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Increased Intake of Vegetables, but not Fruit, Reduces Risk for Hepatocellular Carcinoma: A Meta-analysis
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9 August 2014
Yang Yang, Dan Zhang, Na Feng, Guochong Chen, Jianjiang Liu, Guiping Chen, Yuan Zhu

& Aims: The anti-cancer effects of vegetables and fruit have been investigated extensively, but the association between vegetable and fruit consumption and risk of hepatocellular carcinoma (HCC) has not been quantified. We performed a meta-analysis of observational studies to clarify the association.
We identified eligible studies, published from 1956 through May 31, 2014, by searching PubMed, Web of Science and EMBASE. Random-effects models were used to calculate summary relative risks (RRs), and dose-response analyses were conducted to quantify associations. Heterogeneity among studies was evaluated using Cochran's Q and I2 statistics.
A total of 19 studies involving 1,290,045 participants and 3912 cases of HCC were included in the meta-analysis. The summary RR for HCC was 0.72 for individuals with high intake vs low intake of vegetables (95% confidence interval [CI], 0.63-0.83) and 0.92 with a daily increase in vegetable intake (100 g/day) (95% CI, 0.88-0.95). Subgroup analyses showed that this inverse association did not change regardless of history of hepatitis, alcohol drinking, smoking, or energy intake. The summary RR for HCC among individuals with high vs low intake of fruit was 0.93 (95% CI, 0.80-1.09), and 0.99 with a daily increase in fruit intake (100 g/day) (95% CI, 0.94-1.05).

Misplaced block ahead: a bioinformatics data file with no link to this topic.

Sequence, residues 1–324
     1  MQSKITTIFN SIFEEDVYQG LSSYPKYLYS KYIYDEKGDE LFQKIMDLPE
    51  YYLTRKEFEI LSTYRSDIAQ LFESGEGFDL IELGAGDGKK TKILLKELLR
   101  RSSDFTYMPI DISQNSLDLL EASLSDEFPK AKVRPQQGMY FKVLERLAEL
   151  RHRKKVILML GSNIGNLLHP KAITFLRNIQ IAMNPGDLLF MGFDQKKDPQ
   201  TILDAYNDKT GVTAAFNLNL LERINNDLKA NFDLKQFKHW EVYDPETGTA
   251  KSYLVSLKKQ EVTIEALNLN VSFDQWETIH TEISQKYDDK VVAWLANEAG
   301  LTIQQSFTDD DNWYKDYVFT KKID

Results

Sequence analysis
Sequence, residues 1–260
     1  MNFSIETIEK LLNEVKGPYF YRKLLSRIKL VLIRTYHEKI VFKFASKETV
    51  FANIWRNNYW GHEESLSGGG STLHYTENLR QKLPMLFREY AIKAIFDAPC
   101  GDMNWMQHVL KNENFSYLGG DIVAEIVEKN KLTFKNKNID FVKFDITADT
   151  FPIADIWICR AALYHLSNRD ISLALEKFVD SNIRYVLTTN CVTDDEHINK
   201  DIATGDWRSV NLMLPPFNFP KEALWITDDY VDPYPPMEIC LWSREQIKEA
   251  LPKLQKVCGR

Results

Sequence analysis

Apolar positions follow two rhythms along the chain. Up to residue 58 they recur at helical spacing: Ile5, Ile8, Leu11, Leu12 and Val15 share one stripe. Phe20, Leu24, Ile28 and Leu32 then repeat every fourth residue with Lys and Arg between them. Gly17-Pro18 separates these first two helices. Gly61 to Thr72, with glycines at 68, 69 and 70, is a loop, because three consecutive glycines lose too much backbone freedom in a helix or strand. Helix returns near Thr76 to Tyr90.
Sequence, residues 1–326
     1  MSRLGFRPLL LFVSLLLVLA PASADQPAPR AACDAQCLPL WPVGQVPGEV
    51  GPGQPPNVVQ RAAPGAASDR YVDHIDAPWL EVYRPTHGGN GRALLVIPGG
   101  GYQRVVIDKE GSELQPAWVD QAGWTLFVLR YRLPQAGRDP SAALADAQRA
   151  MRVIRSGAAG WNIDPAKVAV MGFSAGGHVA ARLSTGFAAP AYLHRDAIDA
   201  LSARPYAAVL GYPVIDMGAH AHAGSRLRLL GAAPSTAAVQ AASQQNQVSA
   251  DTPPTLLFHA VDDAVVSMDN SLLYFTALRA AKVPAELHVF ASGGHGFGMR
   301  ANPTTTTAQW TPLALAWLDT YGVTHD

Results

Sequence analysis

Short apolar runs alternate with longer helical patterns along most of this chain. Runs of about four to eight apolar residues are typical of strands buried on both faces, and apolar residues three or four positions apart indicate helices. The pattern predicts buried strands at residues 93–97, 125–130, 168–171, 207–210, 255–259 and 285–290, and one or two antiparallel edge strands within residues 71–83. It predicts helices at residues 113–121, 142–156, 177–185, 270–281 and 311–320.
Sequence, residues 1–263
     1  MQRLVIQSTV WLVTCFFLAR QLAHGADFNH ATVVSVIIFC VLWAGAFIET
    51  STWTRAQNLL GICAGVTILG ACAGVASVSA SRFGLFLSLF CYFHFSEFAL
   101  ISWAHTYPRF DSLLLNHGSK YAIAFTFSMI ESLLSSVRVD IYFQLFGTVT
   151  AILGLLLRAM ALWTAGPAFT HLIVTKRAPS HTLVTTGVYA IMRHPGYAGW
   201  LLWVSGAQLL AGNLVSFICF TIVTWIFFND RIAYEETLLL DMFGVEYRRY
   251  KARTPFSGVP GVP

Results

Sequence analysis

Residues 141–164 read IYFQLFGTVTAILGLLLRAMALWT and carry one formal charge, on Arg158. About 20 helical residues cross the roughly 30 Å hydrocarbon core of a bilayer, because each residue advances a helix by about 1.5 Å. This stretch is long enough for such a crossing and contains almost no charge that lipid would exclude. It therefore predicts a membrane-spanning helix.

Based on a meta-analysis, increased intake of vegetables, but not fruit, is associated with lower risk for HCC. The risk of HCC decreases by 8% for every 100 g/day increase in vegetable intake. The findings should be confirmed by future studies with validated questionnaires and strict control of confounders. In general, both vegetables and fruit are low in fat and calories, and rich in vitamins, minerals and dietary fiber, which have been found to be inversely associated with cardiovascular disease, diabetes, and stroke35-37. However, vegetables and fruit vary widely in nutritional components, with fruit containing more calories and antioxidants such as vitamin C. Vegetables not only provide dietary fiber, and vitamins A and E, but they are also good sources of phytochemicals (e.g., isothiocyanates, glucosinolates, indole-3-carbinol, and flavonoids), which possess anti-tumor activities. Intake of cruciferous vegetables has been found to reduce the risk of colorectal cancer38, lung cancer39 and gastric cancer40. It was also recently reported that vitamin E, widely existing in vegetables, could decrease HCC risk significantly, while vitamin C and multivitamin supplements were associated with higher risk of HCC in males41. In fact, some studies suggested that too much antioxidant supplementation seemed to increase overall mortality from cancers42. We had similar results with a recent cohort study of Health Survey in England, which found that vegetables might have a more protective benefit than fruit in the general population43. Based on the above information, the different effects of vegetables and fruit might be caused by differences in their nutrient compositions
Of note, since the effects of dietary factors interact with each other, a balanced diet with proper nutrition (which includes higher intake of vegetables, fish, white meat, and coffee, and reduced intake of fat, red meat, and alcohol) is more recommended overall, especially for those patients with liver diseases49. Turati et al. recently reported that a Mediterranean diet significantly decreased the risk of HCC, which provides a new paradigm for future studies50.

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